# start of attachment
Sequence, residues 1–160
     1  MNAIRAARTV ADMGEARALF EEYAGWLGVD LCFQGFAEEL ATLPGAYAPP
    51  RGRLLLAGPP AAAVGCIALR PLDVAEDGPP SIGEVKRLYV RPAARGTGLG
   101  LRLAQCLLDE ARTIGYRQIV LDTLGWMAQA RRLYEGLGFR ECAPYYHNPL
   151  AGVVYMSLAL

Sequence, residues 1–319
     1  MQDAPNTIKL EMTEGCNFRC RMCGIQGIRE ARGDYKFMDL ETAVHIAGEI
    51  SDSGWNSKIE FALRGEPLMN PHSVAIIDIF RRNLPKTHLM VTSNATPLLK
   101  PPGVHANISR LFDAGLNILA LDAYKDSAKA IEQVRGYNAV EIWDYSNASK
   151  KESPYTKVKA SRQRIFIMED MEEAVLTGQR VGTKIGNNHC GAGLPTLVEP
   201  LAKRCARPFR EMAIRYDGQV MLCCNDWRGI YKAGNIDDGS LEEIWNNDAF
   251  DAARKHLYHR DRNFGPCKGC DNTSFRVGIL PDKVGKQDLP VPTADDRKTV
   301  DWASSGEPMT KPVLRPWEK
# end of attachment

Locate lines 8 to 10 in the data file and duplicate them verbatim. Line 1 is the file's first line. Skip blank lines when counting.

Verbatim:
    51  SDSGWNSKIE FALRGEPLMN PHSVAIIDIF RRNLPKTHLM VTSNATPLLK
   101  PPGVHANISR LFDAGLNILA LDAYKDSAKA IEQVRGYNAV EIWDYSNASK
   151  KESPYTKVKA SRQRIFIMED MEEAVLTGQR VGTKIGNNHC GAGLPTLVEP